17

From move 0, what shortest-possible sequence of moves could be played so that the pieces are arranged exactly as standard board setup (with allowed swapping of same-color knights), but it is black's turn to move? Is it even possible?

I thought about it and conjectured white would have to make an odd number of knight moves, and black would have to make an even number of knight moves. I think this is impossible when the knights need to end up where they started, or even swap with each other (because even though this is an odd number of moves for one knight, the other knight would also have to make an odd number of moves). Am I correct? How can it be proven?

I also guess that this is a famous or at least previously explored problem. Maybe it's trivial.

3
  • 1
    Would it work if white make an even number of moves and black does an odd number of moves? According to your conjecture it wouldn't work.
    – Polygorial
    May 20 at 9:10
  • 1
    Given how the initial position and all the moves are symmetric, switching black to move first would technically make no effect game-wise. It'd just swap left and right and the colors.
    – ilkkachu
    May 20 at 9:39
  • 1
    If the "first" move from Black after the swap would be a double-move with a pawn, the players could co-operate so to make it look like Black made the initial move.
    – ilkkachu
    May 20 at 10:00
31

It's impossible. Knights require an even number of moves to reach a square of the same color as where they started, or correspondingly an odd number of moves to reach the opposite color. Both sides need to make an even number of moves to reach the starting position.

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  • 18
    The conclusion is correct but the analysis is incomplete. Once a Knight moves, the Rook near it can start moving too. But that doesn't help because the Rook is limited to two squares, so when it returns to its home square the Rook has made an even number of moves too. Also, the question allowed Nb1 to switch places with Ng1, and/or Nb8 with Ng8; but that doesn't help because each of those Knights then makes an odd number of moves. May 19 at 13:31
  • 24
    @NoamD.Elkies, I don't think considering rook moves in necessary, because after rook moves the position changes, castle with that rook is no longer allowed, and therefore we would not be able to go back to the starting position.
    – Akavall
    May 19 at 14:27
  • 12
    Yes, the position would be different in that sense; but the question asked only "that the pieces are arranged exactly as standard board setup", without specifying that castling rights be retained. May 19 at 16:52
  • 8
    More simply, after each knight move, the number of knights on white squares changes by one. Initially there are an even number of knights on white squares, so after an odd number of knight moves there are an odd number of knights on white squares, and after an even number of knight moves there are an even number of knights on white squares. Therefore, in order to have knights on the same squares as in the initial position (never mind whether they are the same knights), there must have been an even number of knight moves.
    – bof
    May 20 at 10:04
  • 3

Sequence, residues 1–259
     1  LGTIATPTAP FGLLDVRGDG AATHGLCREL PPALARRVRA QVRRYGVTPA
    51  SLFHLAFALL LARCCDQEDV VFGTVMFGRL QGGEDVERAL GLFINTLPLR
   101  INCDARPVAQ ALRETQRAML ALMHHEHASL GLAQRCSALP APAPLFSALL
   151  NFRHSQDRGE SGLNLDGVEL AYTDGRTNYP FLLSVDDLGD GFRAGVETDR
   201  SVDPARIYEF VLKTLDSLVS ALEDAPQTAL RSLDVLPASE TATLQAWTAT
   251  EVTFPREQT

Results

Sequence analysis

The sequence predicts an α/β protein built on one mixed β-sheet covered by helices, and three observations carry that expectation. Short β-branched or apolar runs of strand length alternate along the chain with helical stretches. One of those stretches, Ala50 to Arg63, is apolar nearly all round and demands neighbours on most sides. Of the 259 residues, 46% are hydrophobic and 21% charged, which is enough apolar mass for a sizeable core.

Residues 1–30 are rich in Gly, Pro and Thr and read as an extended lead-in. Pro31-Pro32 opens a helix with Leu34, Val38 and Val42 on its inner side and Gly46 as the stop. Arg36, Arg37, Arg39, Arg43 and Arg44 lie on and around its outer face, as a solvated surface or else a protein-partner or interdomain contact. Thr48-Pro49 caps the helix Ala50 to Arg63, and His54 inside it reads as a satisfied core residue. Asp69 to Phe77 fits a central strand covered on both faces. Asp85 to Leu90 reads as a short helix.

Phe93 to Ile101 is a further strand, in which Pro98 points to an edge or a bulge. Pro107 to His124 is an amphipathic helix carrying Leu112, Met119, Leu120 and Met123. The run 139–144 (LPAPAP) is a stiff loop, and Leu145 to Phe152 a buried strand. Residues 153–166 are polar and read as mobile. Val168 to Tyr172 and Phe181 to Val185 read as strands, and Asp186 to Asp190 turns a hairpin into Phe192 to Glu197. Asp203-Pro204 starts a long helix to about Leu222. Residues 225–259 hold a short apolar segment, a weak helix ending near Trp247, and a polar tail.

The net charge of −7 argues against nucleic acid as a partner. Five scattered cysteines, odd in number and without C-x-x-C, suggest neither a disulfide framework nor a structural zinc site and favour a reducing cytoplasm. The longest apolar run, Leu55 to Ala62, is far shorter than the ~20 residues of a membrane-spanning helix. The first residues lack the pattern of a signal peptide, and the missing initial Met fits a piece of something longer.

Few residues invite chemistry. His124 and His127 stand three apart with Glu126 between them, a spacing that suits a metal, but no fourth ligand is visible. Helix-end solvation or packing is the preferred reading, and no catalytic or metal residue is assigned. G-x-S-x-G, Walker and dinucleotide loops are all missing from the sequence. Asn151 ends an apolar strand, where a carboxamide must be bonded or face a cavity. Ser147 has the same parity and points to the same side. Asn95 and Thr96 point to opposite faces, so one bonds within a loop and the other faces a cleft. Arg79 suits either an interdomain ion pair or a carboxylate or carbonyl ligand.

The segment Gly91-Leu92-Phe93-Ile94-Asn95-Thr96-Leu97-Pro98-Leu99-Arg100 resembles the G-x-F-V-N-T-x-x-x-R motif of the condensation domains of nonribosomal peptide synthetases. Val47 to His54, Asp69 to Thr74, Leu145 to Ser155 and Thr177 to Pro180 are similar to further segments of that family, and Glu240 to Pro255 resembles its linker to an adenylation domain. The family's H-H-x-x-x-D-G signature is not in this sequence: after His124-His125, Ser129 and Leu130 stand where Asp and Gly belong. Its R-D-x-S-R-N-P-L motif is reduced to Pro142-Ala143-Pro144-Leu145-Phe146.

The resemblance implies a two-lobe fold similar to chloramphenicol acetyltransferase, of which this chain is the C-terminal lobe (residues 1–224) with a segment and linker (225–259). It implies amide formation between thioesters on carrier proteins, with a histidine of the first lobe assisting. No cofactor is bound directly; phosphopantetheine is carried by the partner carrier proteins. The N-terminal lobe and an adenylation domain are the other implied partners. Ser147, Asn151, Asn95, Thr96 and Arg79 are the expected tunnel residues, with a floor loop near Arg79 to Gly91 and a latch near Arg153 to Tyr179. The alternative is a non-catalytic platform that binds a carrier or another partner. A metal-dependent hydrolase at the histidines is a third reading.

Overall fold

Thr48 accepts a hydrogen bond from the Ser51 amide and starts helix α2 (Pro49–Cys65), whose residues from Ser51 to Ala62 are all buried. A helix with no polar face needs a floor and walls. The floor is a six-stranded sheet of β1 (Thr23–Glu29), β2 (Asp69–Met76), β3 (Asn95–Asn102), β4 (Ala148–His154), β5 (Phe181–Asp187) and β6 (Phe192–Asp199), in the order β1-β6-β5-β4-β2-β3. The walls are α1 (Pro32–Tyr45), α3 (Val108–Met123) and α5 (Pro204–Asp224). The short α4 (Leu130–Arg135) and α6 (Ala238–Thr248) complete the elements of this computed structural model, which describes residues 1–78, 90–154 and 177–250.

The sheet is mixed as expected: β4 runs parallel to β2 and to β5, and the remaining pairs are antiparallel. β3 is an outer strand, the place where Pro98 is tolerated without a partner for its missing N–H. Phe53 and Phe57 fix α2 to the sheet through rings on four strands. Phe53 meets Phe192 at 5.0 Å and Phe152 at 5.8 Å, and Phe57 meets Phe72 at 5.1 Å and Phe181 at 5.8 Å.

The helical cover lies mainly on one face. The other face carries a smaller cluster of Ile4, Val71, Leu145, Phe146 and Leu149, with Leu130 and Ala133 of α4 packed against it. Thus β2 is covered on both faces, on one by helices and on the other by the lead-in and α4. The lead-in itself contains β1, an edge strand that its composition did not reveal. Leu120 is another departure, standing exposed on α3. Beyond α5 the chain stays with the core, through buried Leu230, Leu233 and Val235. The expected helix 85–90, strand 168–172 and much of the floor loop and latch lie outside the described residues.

@bof You can even extend that argument to include rooks: after each move, the total number of knights and rooks on white squares changes by one. May 20 at 11:40
6

This is impossible because.

  • In the initial position, the 4 knights cover 2 white and 2 black squares.
  • each white move will lead to the knights being on 3 white squares and 1 black square or 1 white and 3 black.
  • each other black move would lead to 2 & 2 or 4 & 0.

In order for "black to go first" the knights will need to be on the initial position (2 white, 2 black).
This is not possible after a white's move as shown above.

5

You are basically trying to make a knight lose a tempo, which is known to be impossible.

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    I have no idea what this means May 20 at 20:32
  • 3
    @theonlygusti, see: en.wikipedia.org/wiki/Tempo_(chess) Basically, you can't "waste" a single move with a knight, because of the alternation between black and white squares. That's what the existing answers already say, and much better.
    – ilkkachu
    May 20 at 21:05
  • I was about to say this! I wish this could be the accepted answer. @theonlygusti it's a rule of endgames that knights can't lose a tempo. Do you know like triangulation or losing a move or reaching the same position but with the opposite player move? (eg it's currently your move but you can maneuver pieces to make it the same position but your opponent's move) You can do triangulation with kings and bishops (and i guess rooks and queens), but you can't with knights! Remark: Your question about the opening is answered by an endgame principle. (Wait I'll make this comment a cw answer.)
    – BCLC
    Sep 6 at 11:23
0

converting to comment to answer, but just a cw answer to emphasise postoronnim's answer:

I was about to say this! I wish this could be the accepted answer. @theonlygusti it's a rule of endgames that knights can't lose a tempo. Do you know like triangulation or losing a move or reaching the same position but with the opposite player move? (eg it's currently your move but you can maneuver pieces to make it the same position but your opponent's move) You can do triangulation with kings and bishops (and i guess rooks and queens), but you can't with knights!

Remark: Your question about the opening phase is answered by a principle of the endgame phase.

Re triangulation, try checking out: 1, 2

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